the cuticle to saponins. Some researches
tried to associate saponins with abrasive
insecticides (diatomous earth) which can
cause wounds on the cuticle; this
association remains also unfruitful (14).
molecules characterized by a heavy
molecular weight and an important
structure complexity; this reduces their
chance to be used like model to
synthesize insecticidal molecules. Most
works undertaking the synthesis of these
products do it only partially (28).
Saponins have a cytotoxic
(27) haemolytic (52) effects and are able
of inhibiting the proteases activities (56);
this represents a constraint if we attempt
to apply these substances as agricultural
products. These saponins are, in fact,
rather as toxic for pests as for human.
Secondary substances in plants are
known for a long time for their medicinal
and pharmacological properties. These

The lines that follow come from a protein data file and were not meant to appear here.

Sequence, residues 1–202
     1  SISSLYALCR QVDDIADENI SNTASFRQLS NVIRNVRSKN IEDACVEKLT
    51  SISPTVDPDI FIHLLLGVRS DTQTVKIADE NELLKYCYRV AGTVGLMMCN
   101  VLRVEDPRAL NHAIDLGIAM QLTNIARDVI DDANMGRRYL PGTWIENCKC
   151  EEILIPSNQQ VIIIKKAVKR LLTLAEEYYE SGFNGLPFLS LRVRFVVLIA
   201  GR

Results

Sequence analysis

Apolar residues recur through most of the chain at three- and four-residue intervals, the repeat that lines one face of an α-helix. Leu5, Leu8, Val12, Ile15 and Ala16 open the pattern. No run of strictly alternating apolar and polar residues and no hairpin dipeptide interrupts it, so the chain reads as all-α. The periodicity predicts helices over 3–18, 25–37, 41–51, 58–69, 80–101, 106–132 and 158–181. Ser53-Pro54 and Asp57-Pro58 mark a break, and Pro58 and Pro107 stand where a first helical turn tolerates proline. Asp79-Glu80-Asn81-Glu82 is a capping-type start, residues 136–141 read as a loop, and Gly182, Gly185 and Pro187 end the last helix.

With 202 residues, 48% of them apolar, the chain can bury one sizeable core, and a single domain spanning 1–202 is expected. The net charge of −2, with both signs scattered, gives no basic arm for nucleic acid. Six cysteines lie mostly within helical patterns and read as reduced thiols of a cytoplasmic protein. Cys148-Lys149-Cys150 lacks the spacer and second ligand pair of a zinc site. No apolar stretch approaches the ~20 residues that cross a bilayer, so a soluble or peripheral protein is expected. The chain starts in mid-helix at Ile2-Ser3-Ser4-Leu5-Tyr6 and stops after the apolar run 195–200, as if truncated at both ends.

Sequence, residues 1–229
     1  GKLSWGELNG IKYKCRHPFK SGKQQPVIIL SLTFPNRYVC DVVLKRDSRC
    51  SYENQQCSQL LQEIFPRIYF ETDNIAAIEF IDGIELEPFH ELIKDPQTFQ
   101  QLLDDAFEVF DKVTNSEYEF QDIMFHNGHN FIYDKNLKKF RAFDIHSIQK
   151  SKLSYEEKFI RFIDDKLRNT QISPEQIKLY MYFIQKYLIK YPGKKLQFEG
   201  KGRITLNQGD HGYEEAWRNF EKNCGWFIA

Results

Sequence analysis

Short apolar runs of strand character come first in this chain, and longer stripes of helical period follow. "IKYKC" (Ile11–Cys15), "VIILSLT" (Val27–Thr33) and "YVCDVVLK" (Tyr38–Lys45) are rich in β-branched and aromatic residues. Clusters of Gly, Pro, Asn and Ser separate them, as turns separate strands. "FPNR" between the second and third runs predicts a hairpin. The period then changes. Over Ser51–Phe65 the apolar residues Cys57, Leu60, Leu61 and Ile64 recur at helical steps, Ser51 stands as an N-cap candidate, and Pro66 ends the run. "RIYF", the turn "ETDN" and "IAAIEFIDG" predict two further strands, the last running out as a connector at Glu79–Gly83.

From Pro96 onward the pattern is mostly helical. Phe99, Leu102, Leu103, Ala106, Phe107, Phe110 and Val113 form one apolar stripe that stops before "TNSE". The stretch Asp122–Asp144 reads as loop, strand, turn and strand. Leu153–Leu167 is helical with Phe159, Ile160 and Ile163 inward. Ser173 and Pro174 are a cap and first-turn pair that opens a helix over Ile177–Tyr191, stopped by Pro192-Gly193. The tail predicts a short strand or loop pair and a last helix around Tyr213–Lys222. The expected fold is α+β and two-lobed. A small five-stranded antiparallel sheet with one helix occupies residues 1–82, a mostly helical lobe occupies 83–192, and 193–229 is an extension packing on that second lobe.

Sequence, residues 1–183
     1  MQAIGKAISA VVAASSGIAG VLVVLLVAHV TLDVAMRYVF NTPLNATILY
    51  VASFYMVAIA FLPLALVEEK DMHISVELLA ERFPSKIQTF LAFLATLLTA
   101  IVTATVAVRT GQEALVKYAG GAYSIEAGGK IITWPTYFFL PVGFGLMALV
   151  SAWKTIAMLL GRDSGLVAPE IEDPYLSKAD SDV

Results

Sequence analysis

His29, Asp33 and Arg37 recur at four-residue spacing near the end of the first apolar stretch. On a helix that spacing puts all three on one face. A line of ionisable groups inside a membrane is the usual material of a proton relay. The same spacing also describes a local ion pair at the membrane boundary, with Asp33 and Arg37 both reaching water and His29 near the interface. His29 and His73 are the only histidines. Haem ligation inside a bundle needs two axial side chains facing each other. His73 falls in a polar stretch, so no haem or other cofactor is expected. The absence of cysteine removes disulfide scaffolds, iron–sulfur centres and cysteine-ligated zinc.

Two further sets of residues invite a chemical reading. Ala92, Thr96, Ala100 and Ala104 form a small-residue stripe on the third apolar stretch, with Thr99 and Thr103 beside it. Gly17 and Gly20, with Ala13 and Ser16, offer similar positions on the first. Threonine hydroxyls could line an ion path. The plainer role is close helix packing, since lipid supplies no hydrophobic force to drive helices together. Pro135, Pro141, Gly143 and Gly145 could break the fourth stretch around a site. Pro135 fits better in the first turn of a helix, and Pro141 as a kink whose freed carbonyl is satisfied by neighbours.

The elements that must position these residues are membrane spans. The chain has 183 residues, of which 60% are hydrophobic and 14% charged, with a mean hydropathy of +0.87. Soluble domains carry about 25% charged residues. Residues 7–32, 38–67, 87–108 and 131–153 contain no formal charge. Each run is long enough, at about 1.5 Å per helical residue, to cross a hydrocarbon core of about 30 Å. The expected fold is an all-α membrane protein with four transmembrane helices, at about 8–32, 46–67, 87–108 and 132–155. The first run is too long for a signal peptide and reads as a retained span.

substances are necessary for the plant to
evolve in a hostile environment. The plant
can indeed use its secondary metabolites
to be protected against several pest
animals and pathogenic microbes.
Saponins present one of these
substances of large action spectrum
broad, because of their toxicity to various
insects. The mode of action of saponins
seems in relation to the property of these
Tunisian Journal of Plant Protection 47 Vol. 5, No. 1, 2010
molecules to be interacted either with
structural cholesterol (membrane) or with
metabolic cholesterol (food).
The practical application of this type
of substances remains difficult because of
easy degradation of these substances, the
impossibility of acting by contact, the
difficulties of their synthesis and their
toxicity to mammals.
Saponins present an excellent model
of study of natural substances with
insecticidal effect due to their large
spectrum of action and to the multitude of
their physiological effects. It is, however,
early to recommend application of
saponins as insecticides. Thorough
studies of their modes of action and
application should be done firstly.
Chaieb I. 2010. Les saponines comme insecticides: revue de synthèse. Tunisian Journal of Plant